San Francisco poet Thom
Gunn is profiled, nicely, in The Guardian newspaper; it seems the country
of his birth is finally forgiving him for wearing leather and writing about
"Almost without exception," says John D'Emilio, "those
of us who do gay-and-lesbian history don't get jobs in history departments.
If we're lucky, we find appointments in American studies, or in gender studies,
as in my own case." The author of a new biography of Bayard Rustin discusses
the incremental growth of queer history studies in The Chronicle of Higher
And here's a review of his essay collection from 2002:
The World Turned: Essays on Gay History, Politics, and Culture, by John D’Emilio (Duke
University), $18.95 paper.
There is much to nourish the curious queer young mind in The World
Turned, D’Emilio’s wide-ranging collection of a decade’s musings on
history, politics, and culture. And to challenge it, too, particularly in
the author’s careful re-assessment of the 1969 Stonewall riot as more a steppingstone
along the way to liberation, rather than a convulsive kick-start to it. Some
of the nourishment comes from his informative chapters on how pioneering civil
rights leader Bayard Rustin’s homosexuality angered, puzzled, or shamed his
peers, decades before Stonewall. More stems from D’Emilio’s refreshing ability
to reconsider his earlier views on a number of topics, from the novels of
Andrew Holleran and Larry Kramer to the centrality of sex as an element of
gay self-identity. Each of the 16 pieces is engaging, thoughtful and lucid
– even those delivered as a eulogy for a dead friend, prepared as a paper
on the history of the National Gay and Lesbian Task Force (NGLTF), or presented
on a queer biography panel. The grab-bag nature of the book doesn’t detract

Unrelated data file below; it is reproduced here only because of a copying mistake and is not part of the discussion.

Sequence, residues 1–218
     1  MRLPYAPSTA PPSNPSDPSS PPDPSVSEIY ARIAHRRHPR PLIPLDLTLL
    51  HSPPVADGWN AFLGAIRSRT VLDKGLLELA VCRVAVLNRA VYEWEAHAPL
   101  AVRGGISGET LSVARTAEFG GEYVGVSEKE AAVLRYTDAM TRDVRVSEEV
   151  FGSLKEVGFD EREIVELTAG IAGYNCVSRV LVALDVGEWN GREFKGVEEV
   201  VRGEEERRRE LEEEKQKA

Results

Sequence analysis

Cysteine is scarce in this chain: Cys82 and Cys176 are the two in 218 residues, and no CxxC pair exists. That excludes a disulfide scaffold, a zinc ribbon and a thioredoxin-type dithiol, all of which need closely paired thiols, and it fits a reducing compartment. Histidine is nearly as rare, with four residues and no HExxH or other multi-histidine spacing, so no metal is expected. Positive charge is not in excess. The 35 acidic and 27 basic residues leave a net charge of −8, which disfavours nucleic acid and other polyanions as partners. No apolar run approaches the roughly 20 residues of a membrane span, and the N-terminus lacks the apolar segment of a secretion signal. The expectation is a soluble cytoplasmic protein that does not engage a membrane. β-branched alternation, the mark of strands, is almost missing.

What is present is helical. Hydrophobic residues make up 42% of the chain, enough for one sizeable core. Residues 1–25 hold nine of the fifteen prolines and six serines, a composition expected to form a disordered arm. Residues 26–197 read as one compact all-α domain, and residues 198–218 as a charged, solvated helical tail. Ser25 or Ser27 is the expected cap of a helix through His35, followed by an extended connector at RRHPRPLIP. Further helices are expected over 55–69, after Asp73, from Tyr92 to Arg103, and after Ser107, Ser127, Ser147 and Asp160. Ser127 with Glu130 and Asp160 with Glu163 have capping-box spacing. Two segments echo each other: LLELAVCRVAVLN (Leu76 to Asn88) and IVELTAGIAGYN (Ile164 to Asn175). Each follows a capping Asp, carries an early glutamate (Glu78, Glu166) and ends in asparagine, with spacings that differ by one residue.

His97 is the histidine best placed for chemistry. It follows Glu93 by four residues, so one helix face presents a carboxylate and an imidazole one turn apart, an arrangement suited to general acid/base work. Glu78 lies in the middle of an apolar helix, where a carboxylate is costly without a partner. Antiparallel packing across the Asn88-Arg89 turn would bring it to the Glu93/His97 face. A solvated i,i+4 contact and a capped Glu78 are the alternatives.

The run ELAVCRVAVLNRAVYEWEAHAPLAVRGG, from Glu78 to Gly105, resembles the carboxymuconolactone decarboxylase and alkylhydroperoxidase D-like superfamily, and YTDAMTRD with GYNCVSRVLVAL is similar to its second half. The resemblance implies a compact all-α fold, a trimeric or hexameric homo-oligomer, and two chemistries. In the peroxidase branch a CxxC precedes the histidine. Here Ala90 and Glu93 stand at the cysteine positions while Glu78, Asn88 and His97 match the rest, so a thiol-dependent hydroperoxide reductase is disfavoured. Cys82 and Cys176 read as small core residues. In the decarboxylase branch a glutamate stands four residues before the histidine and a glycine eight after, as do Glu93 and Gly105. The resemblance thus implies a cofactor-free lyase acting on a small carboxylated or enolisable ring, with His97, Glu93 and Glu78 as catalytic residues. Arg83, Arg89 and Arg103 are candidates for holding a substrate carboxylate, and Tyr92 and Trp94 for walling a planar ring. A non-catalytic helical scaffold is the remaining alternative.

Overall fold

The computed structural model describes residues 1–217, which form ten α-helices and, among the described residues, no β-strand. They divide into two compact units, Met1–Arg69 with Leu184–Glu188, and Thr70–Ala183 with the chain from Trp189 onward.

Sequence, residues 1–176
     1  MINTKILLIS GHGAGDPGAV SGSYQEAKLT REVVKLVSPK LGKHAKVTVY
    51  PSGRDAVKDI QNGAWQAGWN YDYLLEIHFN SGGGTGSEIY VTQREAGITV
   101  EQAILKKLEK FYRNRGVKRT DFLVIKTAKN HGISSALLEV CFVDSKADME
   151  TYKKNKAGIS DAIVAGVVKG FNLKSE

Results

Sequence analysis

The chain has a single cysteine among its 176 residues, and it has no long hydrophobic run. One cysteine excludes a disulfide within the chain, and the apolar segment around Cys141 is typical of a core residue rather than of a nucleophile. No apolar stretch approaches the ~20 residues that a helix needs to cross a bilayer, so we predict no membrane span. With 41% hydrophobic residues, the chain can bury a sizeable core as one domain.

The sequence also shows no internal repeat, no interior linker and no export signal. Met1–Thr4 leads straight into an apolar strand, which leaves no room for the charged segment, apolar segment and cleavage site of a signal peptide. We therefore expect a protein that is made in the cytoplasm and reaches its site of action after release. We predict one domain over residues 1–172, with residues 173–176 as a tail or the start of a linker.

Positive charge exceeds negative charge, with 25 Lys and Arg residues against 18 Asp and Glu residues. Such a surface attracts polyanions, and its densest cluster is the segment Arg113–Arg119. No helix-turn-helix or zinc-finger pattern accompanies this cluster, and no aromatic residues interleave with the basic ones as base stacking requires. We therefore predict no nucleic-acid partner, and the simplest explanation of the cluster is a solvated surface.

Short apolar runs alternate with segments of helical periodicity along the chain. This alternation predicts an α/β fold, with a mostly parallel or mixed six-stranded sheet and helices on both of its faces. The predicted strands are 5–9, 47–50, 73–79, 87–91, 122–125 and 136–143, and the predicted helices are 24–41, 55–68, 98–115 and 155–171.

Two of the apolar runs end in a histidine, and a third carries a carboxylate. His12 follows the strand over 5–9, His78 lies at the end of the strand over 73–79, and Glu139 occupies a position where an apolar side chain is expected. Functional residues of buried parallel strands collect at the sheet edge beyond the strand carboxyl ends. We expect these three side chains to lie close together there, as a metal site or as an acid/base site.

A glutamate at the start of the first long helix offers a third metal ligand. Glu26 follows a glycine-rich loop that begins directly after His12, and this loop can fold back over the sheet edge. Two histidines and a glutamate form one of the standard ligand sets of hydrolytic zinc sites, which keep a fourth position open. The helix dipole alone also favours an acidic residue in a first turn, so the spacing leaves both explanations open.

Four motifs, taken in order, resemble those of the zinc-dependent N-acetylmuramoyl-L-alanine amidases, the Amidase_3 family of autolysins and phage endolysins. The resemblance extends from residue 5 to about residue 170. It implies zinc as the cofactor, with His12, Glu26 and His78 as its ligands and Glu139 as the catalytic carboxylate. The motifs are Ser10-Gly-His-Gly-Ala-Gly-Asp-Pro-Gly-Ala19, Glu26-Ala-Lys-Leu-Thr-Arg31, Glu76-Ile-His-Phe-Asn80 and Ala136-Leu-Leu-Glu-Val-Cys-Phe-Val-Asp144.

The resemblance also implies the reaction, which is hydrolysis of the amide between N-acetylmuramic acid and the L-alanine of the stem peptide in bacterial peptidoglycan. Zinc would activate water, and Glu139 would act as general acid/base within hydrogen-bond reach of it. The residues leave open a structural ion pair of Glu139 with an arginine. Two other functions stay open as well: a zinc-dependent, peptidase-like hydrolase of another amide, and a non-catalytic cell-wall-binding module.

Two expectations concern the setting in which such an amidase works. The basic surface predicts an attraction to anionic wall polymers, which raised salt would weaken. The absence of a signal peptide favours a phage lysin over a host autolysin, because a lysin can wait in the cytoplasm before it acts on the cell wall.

a bit from its steady, sensible assessment of gay life today.
We're Being OutGoogled
I use Google several times
day, most recently to find the best way to freeze cilantro, an herb I use
a lot in cooking, but which is hard to buy fresh in the relatively rural village
of Perth, Ontario, where I live.
So a couple of weeks ago, I came across a new beta-testing service,
the Google News Alert; type in a few keywords, verify when a query comes to
your mailbox that you actually did want anything related to those keywords,
and once a day (or whenever the Google News Monkeys come across your keyword)
you'll receive an email with a link to the news story.
I've asked for variations on such words as gay, lesbian, bisexual,
transgender, homosexual, queer, culture, publishing, arts, books, novels,
fiction, bookstores - topics I can mine for this newsletter. That's how I
got the Tony Kushner interview (though I read the LA Weekly online
most weeks when I remember to); I received news of another feminist/gay bookstore
closing (My Sister's Words, In Syracuse, New York) that way; news from The
Advocate about Gray Davis signing benefits legislation for California
queers popped in, as did similar stories from Reuters and the Associated Press;
and there have been interesting offbeat stories about gays and religion in
Kenya and a gay marriage in Russia. Random fun, with some news value.
But for every yay-gay link I've received, there are a dozen links
to really rabid religious (mostly) or right wing "news" sites. Like
this one, about the "homosexual agenda" taking over the Big Brother
and Big Sister organizations: http://www.americandaily.com/item/2619. Or this one, about the "gay agenda" turning Gray Davis into, says
Lou Sheldon, "Gay Davis": http://www.chronwatch.com/featured/contentDisplay.asp?aid=4315
It's easy to focus on the good news. But it's instructive how much
bad news is out there...and it is to wonder why there are at least 15 different
religious or right-wing newspapers, newsletters, and web sites combed regularly
by the Google filters, but almost no queer papers – in the two weeks I’ve
been sampling the service, The Advocate and Windy City Times
have been the only specifically gay news source to show up. Hmmm.
(Richard can be reached at firstname.lastname@example.org,
at 613 264 5409, or at 7-A Drummond St W/Perth, ON/K7H 2J3 Canada. Books for
review, author news, interesting links – all appreciated.)
(c) 2003 Books to Watch Out For